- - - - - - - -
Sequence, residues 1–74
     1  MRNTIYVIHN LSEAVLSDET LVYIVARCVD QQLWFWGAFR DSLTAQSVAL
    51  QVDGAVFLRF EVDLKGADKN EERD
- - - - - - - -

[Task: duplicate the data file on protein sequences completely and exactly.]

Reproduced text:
Sequence, residues 1–74
     1  MRNTIYVIHN LSEAVLSDET LVYIVARCVD QQLWFWGAFR DSLTAQSVAL
    51  QVDGAVFLRF EVDLKGADKN EERD